Pic: Jack Fenby

Festivals, Musicals, News & Commentary

WOMADelaide 2020: an interview with Director Ian Scobie

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This Friday WOMADelaide returns to Adelaide’s Botanic Park. Director Ian Scobie talks with MURRAY BRAMWELL about the enduring international music event.

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Friday, March 6 marks the opening of the four-day WOMADelaide music festival. With its odd portmanteau name (WOMAD is an acronym for World of Music and Dance) the South Australian version of the UK festival, originally founded and promoted by Peter Gabriel, began as part of Rob Brookman’s Adelaide Festival in 1992.

There have been 23 festivals since then. It became an annual fixture in 2003, and a four-day event in 2010. Since 1995 the organisation has been managed by Arts Projects Australia (APA) and the current director, Ian Scobie is the sole remaining original member of the APA team. 

As WOMADelaide approaches its 30th anniversary, I ask Scobie what he considers the secret, not only of the festival’s success, but also its longevity. He mentions the advantage of having unique access to Botanic Park, a green oasis in Adelaide’s CBD with ample roaming space for 12,000 people, and seven different performance stages.

“We are lucky with WOMAD. Firstly, it’s in a city that is familiar with the idea of festivals. [Adelaide] has drunk the festival Kool-Aid. People have grown up with it. It is real and palpable.

“And the Events SA funding is rock solid. I talk to colleagues interstate and know its hard yakka without funding confidence. We can talk to people three years in advance knowing that the funding and infrastructure are in place. I can see things and plan. I don’t have to convince a board and so on.”

“Every time I have pushed the envelope the audiences have lapped it up. I think programmers can be too cautious. The public has bought a ticket for an experience. They are up for it.”

The festival also offers a carefully managed experience for both artists and audiences. Scobie sees this as an international WOMAD characteristic, whether it be the UK, Europe or New Zealand version.

“Ziggy Marley [one of the Adelaide 2020 headliners] played at WOMAD UK last year. He was impressed. He got it: being in a likeminded audience and out of the rock and roll thing of arrive in town/practice/put on a show/leave.

“Artists universally respond to WOMADelaide in such a positive manner. They love the city, they love the park, they love the markets.”

That the festival began as part of the Adelaide Festival, where the etiquette of hospitality was a key feature of Writers Week and the performance program.

“I remember the director, Clifford Hocking, giving me the 101 lesson when I worked with him on the Adelaide Festival. [He said] remember that you are inviting people to be a guest in your home and essentially you need to understand that they are feeling nervous, they have travelled a long way. They need to feel welcome and looked after.

“Their technical requirements will be met, but more fundamentally there is a level of respect for them which puts them in the best frame of mind to do their best work. Then it will be received well. And if that’s not the case, then all this other human static gets in there, and people don’t feel looked after.

“I think the festival experience for the patron needs to be discovery, surprise, some old friends, some beautiful music and great artists.

“I have the same view of our audience. You have 20,000 guests who are invited to your backyard for a party. You want to make sure they are comfortable and there’s shade, because if all those basic things aren’t there you have missed the point. If people aren’t comfortable and can’t hear … You want to get rid of all that.”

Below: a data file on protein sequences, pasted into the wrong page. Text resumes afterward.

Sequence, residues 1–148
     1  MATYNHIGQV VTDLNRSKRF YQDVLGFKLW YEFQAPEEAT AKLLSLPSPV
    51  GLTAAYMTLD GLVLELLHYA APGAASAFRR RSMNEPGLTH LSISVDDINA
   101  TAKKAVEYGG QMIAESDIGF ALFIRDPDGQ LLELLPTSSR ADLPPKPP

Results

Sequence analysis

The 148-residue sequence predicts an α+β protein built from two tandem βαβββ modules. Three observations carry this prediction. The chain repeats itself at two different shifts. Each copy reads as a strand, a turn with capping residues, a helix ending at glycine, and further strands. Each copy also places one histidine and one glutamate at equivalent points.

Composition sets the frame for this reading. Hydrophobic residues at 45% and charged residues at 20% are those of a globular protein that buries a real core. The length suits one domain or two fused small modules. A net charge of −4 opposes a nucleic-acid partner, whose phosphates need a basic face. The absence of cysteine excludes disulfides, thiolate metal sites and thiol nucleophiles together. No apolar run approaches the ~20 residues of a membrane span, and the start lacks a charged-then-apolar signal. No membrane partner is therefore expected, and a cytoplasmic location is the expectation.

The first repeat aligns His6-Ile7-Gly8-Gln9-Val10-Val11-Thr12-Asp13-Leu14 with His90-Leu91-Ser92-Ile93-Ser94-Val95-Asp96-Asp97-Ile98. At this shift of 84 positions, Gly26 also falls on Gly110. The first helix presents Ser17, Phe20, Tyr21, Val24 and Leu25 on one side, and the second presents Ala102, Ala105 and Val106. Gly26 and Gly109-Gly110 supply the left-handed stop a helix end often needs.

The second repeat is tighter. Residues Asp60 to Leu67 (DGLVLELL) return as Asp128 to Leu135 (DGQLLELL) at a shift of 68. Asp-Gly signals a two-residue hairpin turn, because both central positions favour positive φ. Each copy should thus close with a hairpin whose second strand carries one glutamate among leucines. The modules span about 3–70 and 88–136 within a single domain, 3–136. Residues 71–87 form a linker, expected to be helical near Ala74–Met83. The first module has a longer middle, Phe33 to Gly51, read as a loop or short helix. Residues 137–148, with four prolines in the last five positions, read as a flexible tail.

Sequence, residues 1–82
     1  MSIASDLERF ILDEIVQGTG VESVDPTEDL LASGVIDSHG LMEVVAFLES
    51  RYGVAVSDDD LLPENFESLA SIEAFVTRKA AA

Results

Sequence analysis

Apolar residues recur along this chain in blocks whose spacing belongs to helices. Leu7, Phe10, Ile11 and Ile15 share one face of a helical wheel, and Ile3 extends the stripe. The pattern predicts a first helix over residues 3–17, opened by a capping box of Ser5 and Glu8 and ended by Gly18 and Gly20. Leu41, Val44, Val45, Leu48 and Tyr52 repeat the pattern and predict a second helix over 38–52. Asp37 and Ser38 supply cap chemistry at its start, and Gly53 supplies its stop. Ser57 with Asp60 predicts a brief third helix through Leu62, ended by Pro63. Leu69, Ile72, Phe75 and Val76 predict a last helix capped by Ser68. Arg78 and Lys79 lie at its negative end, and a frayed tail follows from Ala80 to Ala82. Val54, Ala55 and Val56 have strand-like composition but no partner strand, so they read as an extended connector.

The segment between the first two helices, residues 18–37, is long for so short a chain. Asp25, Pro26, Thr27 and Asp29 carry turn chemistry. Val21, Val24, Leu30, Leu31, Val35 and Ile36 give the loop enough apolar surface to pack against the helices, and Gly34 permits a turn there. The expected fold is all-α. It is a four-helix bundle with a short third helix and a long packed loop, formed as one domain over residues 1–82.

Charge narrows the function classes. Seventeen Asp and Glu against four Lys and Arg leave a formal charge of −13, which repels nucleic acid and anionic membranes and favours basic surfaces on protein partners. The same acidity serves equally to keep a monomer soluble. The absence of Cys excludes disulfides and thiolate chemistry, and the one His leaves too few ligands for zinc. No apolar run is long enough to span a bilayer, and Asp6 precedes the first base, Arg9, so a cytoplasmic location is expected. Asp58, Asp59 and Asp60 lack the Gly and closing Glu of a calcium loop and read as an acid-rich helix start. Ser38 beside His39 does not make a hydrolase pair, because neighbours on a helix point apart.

The 2020 WOMADelaide has some big names coming home to roost. Celebrated Malian griot singer Salif Keita revisits for a fourth and perhaps final time, esteemed US gospel singer and civil rights activist Mavis Staples also returns, after her splendid set in 2008 with the exceptional We’ll Never Turn Back album.

Two decades on, early festival favourites The Cat Empire will play the 10pm spot on Friday night. The remarkable Blind Boys of Alabama – a musical organisation founded in 1939 and rejuvenated in the 21st century with collaborators such as Robert Randolph, Ben Harper and Marc Cohn – also feature on the opening night. Indian classical violinist L. Subramaniam, a frequent WOMADelaide highlight, will perform during the day on Saturday and for a seated event on Sunday night.

Scobie is especially pleased to program Ziggy Marley.

“He’s not singing his dad’s hits. He’s a reggae performer in his own right. He’s another generation and he’s very positive. ‘Love will solve the world’s problems’. It’s a joyous show.”

Ziggy Marley. Pic: Tim Cadiente

I ask him how the program is compiled, and he explains that it’s a joint venture. “It is between two and a half of us,” he says cryptically.

“It is between [Operations and Program Manager] Annette Tripodi and me in Adelaide, and Paula Henderson from WOMAD UK. She worked on the first WOMADelaide in 1992. We have worked together on and off over a long time. We have a sympatico understanding, a shorthand.

“Paula sees something and says ‘that will really work in Adelaide’. She’s our UK eyes. It is a collaboration between us and the UK, so there a lot of to and fro. It’s a mosaic, a puzzle, getting the pieces to fit.

“I think the festival experience for the patron needs to be discovery, surprise, some old friends, some beautiful music and great artists. They have to be at the right level. We’ve had some interesting examples of artists who were not quite ready, and then they are. Annette will sometimes suggest something and it’s not the top of my list. But it’s not my festival, and that’s a fundamental difference from other festival models.

“The curatorial role is that you are responsible for a cultural collection in a gallery, rather than picking favourites. You don’t have a program full of work from just one country, you need light and shade. Every time you program a slot there’s one less opportunity for something else.